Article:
Contamination of open water from direct application of fertiliser

Indicator: Algal blooms/excessive weed growth – evidence of elevated nutrient levels (e.g. nitrogen and phosphate)

Possible cause Best practice for remedial action
Aerial application
  • Use fertiliser with larger particle sizes (less wind effect).
  • Choose alternative aerial techniques to allow more precise placement e.g. use of GPS and GIS.
  • Use methods other than aerial application.
  • Use selective application techniques (cover part of the area).
Ground application close to open water (e.g. less than 10m away)
  • Allow a larger margin between fertilised area and open water.
  • Use application techniques that direct or specifically place the fertiliser.
  • Use fertiliser with larger particle size.
  • Erect a physical barrier/riparian strip around the water.
Wind speed greater than 5km/hr towards open water
  • Apply fertiliser when wind direction is away from open water.
  • Use fertiliser products and application techniques that confine fertiliser to the target zone.
  • Change application techniques e.g. drill fertiliser at planting rather than broadcast.
Fertiliser particle sizes with poor ballistic properties (e.g. less than 1 mm in diameter for dry material)
  • Use fertiliser with larger particle sizes.
  • Use application techniques that direct or specifically place the fertiliser.
Storage site within 50 metres of open water
  • Move storage site away from open water.
  • Ensure the storage facility effectively contains the stored fertiliser (under a roof).
Fertiliser loading/handling operations less than 50 metres from open water
  • Relocate the loading site away from open water.
  • Use wind shelters around the loading site to contain fertiliser.


Social/ third party effects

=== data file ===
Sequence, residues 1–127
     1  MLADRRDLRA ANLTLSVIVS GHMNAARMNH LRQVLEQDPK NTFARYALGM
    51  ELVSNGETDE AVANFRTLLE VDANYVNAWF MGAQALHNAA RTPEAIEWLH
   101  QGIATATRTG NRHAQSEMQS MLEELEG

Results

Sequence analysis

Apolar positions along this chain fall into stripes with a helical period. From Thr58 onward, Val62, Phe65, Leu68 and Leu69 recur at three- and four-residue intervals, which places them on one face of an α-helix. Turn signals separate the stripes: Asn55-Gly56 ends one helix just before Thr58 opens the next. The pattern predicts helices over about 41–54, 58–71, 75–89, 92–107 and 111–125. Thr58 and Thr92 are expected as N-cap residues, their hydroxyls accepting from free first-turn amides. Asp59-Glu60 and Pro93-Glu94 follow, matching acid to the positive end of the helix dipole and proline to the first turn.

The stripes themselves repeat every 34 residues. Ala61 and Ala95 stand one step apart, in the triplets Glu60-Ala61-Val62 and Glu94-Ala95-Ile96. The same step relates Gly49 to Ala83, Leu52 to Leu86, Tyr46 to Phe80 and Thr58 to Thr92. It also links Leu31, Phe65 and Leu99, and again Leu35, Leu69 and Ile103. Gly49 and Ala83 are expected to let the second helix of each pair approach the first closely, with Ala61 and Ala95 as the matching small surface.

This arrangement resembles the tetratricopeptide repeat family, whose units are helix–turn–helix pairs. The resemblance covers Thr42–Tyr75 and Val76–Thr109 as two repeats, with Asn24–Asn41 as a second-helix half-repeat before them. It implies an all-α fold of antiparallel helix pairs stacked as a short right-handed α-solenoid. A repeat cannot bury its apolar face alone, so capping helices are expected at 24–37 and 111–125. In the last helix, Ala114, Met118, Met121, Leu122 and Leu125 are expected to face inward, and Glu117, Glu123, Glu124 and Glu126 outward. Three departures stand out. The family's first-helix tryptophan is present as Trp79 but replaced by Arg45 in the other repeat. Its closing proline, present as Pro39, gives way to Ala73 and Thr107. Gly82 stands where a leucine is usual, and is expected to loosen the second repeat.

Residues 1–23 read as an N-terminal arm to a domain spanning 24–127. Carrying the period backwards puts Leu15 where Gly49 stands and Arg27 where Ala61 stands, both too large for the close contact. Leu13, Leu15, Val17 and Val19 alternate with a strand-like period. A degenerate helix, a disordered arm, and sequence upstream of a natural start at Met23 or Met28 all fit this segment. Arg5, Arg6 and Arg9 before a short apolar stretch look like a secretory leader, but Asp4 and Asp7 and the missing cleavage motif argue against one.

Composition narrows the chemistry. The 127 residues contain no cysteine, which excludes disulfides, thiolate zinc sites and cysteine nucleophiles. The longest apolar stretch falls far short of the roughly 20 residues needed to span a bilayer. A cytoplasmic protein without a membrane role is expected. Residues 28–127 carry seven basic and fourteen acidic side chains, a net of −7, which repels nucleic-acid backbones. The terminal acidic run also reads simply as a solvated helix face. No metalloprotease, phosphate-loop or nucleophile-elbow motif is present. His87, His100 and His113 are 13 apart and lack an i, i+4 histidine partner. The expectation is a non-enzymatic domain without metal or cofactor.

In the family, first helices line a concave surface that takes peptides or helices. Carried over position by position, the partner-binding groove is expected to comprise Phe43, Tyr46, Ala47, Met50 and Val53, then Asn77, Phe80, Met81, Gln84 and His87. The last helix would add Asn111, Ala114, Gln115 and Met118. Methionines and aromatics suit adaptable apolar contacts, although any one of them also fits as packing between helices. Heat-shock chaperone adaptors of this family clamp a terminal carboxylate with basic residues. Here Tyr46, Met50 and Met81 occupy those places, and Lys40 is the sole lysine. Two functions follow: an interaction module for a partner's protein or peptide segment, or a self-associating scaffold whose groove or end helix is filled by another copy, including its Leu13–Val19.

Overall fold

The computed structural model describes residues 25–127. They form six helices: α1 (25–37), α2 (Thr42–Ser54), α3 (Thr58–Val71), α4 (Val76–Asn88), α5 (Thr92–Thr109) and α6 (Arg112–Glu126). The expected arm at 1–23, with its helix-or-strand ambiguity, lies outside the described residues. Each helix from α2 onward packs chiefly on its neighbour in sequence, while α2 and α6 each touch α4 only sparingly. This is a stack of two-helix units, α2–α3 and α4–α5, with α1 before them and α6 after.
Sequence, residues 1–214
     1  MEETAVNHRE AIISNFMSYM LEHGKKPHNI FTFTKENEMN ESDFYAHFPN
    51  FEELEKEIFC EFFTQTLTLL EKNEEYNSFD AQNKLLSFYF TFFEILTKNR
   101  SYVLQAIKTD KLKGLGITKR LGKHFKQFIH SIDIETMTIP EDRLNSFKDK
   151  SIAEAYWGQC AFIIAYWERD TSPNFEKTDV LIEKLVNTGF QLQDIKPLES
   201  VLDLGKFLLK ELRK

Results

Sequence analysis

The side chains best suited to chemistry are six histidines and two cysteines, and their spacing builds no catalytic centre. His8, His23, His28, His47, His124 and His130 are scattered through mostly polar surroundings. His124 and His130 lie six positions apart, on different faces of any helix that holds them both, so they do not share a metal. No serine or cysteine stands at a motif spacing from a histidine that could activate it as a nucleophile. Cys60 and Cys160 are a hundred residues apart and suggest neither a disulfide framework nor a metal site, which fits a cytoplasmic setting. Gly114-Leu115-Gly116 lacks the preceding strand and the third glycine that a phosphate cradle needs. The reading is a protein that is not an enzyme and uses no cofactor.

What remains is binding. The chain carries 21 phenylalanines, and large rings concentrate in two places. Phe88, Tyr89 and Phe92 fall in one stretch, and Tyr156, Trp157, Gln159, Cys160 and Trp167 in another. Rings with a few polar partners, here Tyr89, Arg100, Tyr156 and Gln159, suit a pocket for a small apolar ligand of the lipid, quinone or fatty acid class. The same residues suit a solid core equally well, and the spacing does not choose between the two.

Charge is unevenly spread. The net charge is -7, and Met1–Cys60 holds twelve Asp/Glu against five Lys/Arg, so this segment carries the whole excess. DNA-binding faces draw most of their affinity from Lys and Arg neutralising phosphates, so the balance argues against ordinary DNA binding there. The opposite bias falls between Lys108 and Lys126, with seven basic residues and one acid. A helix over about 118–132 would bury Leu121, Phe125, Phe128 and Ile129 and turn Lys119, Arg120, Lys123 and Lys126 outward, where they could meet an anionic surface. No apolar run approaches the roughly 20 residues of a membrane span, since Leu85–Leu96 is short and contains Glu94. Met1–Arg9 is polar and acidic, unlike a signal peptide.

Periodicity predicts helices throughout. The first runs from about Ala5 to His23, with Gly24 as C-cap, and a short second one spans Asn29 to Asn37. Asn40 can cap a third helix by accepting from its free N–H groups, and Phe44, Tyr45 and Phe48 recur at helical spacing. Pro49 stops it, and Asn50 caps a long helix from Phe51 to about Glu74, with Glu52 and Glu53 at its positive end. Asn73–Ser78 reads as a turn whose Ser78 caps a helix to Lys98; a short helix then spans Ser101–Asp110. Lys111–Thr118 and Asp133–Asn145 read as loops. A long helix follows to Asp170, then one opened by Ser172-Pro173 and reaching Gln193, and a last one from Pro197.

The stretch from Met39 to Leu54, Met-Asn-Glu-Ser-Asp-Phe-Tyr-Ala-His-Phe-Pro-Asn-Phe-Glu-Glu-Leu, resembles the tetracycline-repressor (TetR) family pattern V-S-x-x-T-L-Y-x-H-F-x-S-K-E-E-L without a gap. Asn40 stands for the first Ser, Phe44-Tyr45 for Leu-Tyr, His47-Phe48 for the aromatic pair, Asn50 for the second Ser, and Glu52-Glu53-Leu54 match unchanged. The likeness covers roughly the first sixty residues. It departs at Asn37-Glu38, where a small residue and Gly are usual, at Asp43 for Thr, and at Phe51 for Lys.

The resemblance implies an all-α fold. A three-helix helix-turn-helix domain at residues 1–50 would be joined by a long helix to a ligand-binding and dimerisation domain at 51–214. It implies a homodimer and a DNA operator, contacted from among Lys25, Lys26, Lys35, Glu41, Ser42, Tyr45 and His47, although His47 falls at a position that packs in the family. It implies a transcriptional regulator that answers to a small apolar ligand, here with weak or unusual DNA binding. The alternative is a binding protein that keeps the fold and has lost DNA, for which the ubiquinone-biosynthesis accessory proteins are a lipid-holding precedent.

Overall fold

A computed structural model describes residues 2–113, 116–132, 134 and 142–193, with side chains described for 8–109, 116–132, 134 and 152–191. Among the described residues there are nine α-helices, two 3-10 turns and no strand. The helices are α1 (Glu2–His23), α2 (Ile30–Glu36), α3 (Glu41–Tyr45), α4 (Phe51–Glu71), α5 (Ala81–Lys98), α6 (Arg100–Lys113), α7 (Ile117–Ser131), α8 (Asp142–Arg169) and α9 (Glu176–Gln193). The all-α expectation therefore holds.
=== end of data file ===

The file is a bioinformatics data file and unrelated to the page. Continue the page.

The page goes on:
Indicator: Complaints from affected parties

Possible cause Best practice for remedial action
Use of dusty fertiliser
  • Use fertiliser with a larger particle size (dry material).
    Use other forms of fertiliser (e.g. slurry/liquid/suspensions).
  • Ensure the wind is blowing away from sensitive areas.
  • Apply fertiliser only at agreed times.
Noise during fertiliser application
  • Change to quieter application equipment.
    Change time of day when fertiliser is applied.
  • Change operational technique to reduce effects of noise on affected parties.
  • Apply fertiliser only at agreed times.
Off-target contamination (solids and liquids)
  • Use fertiliser with larger particle size.
  • Use precise application techniques.
  • Apply fertiliser only when the wind direction is away from affected parties.
  • Apply fertiliser only at agreed times.


The Fertiliser Association of New Zealand and Dairy NZ funded development of the Nutrient Management Adviser Certification Programme (NMACP). This industry-wide certification aims to ensure that advisers have the learning, experience and capability to give sound nutrient advice.

Find out more

6 July 2022

The British Society of Soil Science has published a research article in the Soil Use and Management Journal detailing the latest analysed data from the long-running Winchmore Fertiliser Trial in Canterbury.